July 30, 2014

Support for Turkey’s Erdogan drops sharply in Middle East

FT_erdogan-views-mideastWith a presidential election just over a week away, a new survey finds that Prime Minister Recep Tayyip Erdogan’s support has declined sharply in his home country and around the Middle East. Over a year after protests rocked Istanbul and other major cities in Turkey, the survey also finds many Turks disapprove of Erdogan’s handling of them. The anti-government demonstrations were in response to plans to build Ottoman-style military barracks with a shopping mall and luxury hotels within Gezi Park, a popular green space in Istanbul.

In Turkey, only about half (51%) have a positive view of their prime minister, down 11 percentage points from 2013. In all, 55% disapprove of his handling of Gezi Park protests, while just 37% approve. Despite all this, Erdogan is a heavy favorite going into next month’s presidential election because of strong support from his dominant Justice and Development Party (AKP) and a long record of economic growth in Turkey.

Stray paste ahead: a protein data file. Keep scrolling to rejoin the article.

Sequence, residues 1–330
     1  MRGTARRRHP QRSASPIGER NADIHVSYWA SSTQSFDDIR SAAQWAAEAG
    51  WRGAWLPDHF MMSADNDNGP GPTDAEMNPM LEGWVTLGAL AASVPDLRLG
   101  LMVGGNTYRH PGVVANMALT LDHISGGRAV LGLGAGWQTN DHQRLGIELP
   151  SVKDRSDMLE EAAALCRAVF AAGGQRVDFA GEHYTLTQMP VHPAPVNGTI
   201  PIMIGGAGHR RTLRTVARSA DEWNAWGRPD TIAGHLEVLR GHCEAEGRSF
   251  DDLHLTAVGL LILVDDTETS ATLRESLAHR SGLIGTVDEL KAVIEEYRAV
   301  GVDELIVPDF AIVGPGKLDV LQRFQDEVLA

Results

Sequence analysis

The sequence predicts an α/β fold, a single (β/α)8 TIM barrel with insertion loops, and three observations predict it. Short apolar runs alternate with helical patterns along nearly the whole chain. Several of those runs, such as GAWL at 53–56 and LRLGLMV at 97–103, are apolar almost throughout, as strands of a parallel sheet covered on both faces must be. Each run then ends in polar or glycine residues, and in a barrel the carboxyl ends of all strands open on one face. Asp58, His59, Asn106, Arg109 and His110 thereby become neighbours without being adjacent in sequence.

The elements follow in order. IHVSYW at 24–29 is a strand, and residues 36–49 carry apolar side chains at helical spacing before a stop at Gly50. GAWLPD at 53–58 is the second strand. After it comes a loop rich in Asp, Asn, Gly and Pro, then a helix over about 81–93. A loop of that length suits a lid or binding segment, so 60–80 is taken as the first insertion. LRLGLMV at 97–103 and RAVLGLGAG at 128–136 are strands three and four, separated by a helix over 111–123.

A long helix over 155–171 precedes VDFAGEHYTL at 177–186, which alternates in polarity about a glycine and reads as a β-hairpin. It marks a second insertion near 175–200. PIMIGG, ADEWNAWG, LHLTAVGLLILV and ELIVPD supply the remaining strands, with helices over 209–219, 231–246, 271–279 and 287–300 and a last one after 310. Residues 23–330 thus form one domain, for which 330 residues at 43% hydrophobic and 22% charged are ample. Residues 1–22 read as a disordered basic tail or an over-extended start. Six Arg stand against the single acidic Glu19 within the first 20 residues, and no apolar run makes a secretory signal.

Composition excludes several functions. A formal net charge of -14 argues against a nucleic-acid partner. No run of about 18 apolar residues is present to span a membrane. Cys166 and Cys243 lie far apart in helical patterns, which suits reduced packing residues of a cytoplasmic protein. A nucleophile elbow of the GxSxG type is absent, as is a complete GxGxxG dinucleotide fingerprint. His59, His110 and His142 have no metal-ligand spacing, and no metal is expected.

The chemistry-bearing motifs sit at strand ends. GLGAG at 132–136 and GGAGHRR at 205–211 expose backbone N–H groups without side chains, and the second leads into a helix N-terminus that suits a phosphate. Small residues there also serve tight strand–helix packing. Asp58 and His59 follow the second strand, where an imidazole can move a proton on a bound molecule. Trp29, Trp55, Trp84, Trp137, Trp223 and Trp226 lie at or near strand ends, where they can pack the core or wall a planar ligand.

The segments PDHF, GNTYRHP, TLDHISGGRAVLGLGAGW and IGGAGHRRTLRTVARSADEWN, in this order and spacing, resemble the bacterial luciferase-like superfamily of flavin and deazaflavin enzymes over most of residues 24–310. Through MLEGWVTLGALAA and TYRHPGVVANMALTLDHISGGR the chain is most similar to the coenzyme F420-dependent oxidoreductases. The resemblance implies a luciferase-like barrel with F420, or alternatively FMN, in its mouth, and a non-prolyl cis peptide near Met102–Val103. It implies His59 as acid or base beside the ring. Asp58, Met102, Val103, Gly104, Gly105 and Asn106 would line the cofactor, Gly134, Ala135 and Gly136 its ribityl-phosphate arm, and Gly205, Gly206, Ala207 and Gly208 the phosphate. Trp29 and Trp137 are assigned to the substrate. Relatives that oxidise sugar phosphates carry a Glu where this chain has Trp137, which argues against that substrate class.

Amid continued unrest in Syria, Iraq, Israel and the Palestinian territories, support for Erdogan has dropped significantly in four of the seven Middle Eastern nations surveyed since last year. For example, last year, 75% in Jordan had a favorable view of Erdogan, but in the current poll it is only 60%. Support dropped even further in Egypt (-26 points). Turkey had been a strong supporter of ousted Egyptian President Mohamed Morsi and his now outlawed Islamist Muslim Brotherhood.

Opinions of Erdogan have held relatively steady in Tunisia and Lebanon since last year. In Lebanon, Erdogan’s support is bolstered by Sunni Muslims (76% favorable) and Christians (58%). Erdogan himself is a Sunni Muslim, as are the majority of Muslims in Turkey. Only one-in-ten Lebanese Shia Muslims have a positive view of him.

In Israel, 16% have a positive opinion of Erdogan. This includes only 8% of Israeli Jews. On the other hand, 62% of Israeli Arabs have a favorable impression of Turkey’s leader. Turkish-Israeli relations have been strained in recent years by a 2010 raid on a flotilla trying to bring aid to Gaza and Turkey’s increasing support for Palestinian statehood. Still, support for Erdogan has also dropped in the Palestinian territories since 2013 (-19 points).

Here are the topline results and survey methodology.

Topics: Middle East and North Africa

  1. is a Research Associate at the Pew Global Attitudes Project.

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